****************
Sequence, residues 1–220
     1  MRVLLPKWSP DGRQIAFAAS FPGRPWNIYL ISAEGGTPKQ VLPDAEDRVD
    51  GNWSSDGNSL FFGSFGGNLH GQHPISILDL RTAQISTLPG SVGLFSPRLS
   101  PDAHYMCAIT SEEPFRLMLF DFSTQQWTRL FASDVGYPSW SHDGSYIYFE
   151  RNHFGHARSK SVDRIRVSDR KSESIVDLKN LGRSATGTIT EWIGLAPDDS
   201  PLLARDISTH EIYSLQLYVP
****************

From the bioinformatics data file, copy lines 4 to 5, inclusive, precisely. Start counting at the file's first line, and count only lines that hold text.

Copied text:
   101  PDAHYMCAIT SEEPFRLMLF DFSTQQWTRL FASDVGYPSW SHDGSYIYFE
   151  RNHFGHARSK SVDRIRVSDR KSESIVDLKN LGRSATGTIT EWIGLAPDDS